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Shark bites off both hands of woman swimming during whale watching tour

Oceanic whitetip shark at Elphinstone Reef, November 6, 2016 ( Alexander Vasenin, Wikimedia Commons/Released)
October 22, 2019

A French tourist survived a shark attack despite the loss of both her hands and injuries to her body while she swam in the ocean off the coast of French Polynesia.

The 35-year-old woman was reportedly swimming during a whale-watching trip on Monday when an oceanic whitetip shark bit her on the chest and arms, according to the Telegraph. The woman had been swimming off the coast of Mo’orea – a popular honeymoon destination in the French Polynesian territory.

“Luckily for her, there were two nurses on the scene who could deliver first aid,” said firefighter Jean-Jacques Riveta. “When we got to the hotel jetty, she was conscious but in a critical condition. She had lost a lot of blood and both her hands had been cut off at the forearm.”

The woman was not identified by name.

She was airlifted to the nearby island of Tahiti after which her condition reportedly stabilized.

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Famed oceanographer Jacques Cousteau credited the oceanic whitetip as “the most dangerous of all sharks,” and noted its notorious propensity to target shipwreck survivors and pilots downed oversea.

While the oceanic whitetip shark prefers to hunt further out at sea, following pods of dolphins, it is reportedly rare to see an attack of this nature, so close to shore.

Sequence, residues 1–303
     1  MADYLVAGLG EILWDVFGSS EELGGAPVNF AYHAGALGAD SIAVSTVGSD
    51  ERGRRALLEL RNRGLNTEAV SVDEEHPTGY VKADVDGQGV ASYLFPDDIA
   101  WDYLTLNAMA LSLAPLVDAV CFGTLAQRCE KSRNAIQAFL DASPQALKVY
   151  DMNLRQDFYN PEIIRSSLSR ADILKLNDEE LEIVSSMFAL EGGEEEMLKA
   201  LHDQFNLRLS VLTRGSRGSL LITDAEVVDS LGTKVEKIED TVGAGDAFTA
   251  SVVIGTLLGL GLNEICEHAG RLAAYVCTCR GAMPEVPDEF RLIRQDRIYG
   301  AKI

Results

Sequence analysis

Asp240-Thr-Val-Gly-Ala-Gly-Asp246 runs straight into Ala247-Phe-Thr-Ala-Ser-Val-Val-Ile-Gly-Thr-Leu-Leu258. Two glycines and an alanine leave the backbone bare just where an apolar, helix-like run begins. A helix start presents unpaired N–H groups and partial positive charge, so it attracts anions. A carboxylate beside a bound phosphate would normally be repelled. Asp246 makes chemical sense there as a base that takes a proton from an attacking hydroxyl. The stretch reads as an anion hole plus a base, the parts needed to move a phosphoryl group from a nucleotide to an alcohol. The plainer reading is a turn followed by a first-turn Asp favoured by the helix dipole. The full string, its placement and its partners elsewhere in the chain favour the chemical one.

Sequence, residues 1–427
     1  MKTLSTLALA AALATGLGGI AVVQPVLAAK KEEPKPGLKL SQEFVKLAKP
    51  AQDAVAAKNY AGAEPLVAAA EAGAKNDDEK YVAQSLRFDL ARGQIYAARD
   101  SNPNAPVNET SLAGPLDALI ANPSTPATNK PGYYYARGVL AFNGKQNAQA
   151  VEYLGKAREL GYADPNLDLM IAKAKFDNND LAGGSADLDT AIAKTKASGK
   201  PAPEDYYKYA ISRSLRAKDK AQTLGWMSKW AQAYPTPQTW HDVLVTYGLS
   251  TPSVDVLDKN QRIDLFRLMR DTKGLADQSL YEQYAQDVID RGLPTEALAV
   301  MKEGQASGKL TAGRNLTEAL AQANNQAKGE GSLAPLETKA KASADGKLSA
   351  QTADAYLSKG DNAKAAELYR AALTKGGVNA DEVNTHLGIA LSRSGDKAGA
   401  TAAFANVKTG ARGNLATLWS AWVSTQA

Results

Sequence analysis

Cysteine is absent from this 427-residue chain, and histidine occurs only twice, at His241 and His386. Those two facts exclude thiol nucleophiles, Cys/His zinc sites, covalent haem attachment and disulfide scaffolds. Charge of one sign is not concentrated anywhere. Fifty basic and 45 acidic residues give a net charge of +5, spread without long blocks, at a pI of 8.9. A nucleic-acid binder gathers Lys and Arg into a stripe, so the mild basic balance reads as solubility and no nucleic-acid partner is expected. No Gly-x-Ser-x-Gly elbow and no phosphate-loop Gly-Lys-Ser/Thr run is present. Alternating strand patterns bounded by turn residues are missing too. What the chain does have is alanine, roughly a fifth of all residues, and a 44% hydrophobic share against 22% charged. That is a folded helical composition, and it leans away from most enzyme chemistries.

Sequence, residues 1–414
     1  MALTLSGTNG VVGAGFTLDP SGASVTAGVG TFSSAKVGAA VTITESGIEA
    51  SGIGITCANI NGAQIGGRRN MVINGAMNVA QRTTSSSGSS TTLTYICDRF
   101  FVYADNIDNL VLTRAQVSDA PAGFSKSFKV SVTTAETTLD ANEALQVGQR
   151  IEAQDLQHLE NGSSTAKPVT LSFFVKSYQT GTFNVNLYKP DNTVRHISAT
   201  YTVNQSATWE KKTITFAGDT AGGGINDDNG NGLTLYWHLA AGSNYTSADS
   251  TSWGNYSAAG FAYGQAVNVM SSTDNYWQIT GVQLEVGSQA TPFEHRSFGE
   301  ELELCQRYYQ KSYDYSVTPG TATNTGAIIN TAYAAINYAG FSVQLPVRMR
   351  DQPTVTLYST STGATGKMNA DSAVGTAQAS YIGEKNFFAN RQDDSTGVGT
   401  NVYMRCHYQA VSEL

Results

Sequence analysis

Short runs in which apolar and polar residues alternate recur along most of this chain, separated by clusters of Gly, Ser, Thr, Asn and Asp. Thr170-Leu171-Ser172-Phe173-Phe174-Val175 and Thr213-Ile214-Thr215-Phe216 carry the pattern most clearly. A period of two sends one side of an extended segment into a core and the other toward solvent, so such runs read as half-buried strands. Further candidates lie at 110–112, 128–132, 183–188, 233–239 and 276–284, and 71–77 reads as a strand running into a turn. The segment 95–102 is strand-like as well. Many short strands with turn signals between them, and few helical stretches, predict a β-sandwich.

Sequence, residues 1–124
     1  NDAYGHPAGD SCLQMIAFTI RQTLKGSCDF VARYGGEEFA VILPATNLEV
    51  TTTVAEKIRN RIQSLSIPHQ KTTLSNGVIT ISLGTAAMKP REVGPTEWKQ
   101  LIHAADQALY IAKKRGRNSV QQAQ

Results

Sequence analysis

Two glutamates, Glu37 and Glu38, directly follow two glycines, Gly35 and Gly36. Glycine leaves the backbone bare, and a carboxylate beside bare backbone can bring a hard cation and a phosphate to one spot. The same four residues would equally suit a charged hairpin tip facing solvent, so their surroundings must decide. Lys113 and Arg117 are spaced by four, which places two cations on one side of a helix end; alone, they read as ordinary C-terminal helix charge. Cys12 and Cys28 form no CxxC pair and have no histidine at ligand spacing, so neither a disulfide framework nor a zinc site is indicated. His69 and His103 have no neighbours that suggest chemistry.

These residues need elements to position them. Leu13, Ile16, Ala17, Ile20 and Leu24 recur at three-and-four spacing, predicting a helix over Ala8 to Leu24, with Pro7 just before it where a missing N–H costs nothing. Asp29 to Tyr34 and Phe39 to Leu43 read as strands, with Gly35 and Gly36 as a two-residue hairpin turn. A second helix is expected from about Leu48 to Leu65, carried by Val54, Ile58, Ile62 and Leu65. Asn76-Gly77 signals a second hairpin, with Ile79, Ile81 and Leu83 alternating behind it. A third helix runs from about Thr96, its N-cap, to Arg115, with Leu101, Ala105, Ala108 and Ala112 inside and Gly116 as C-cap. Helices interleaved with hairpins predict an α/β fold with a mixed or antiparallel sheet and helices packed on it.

The French Indian Ocean island of La Réunion has seen a string of 31 attacks by oceanic whitetip sharks since 2019, with 11 fatalities, including two deaths in 2019. Earlier in October, a local fisherman reportedly caught a 13-foot Tiger shark near La Réunion, prompting authorities to limit bathing and boating outside the lagoon at the tourist resort of Boucan-Canot.

By contrast, shark attacks in French Polynesia have been considered rare.

Pierrick Seybald, president of the Ma’O Mana shark protection foundation and local whale-watching guide, said tourists can actually approach the sharks at sea by establishing eye-contact, maintaining a non-threatening body language and following the advice of guides who know how to direct the sharks away from those swimmers.

“On average there are only six fatalities that are attributable to unprovoked shark attacks worldwide, each year. By contrast about 100 million sharks and rays are killed each year by fisheries,” according to the International Shark Attack File, which maintains a database of shark attacks.

The shark watch organization warned that people could expect a rise in the number of shark attacks as a result of growing interest in aquatic recreation.

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Oceanic whitetip sharks themselves are a prized target of fishers as their fins are the name ingredient in shark-fin soup.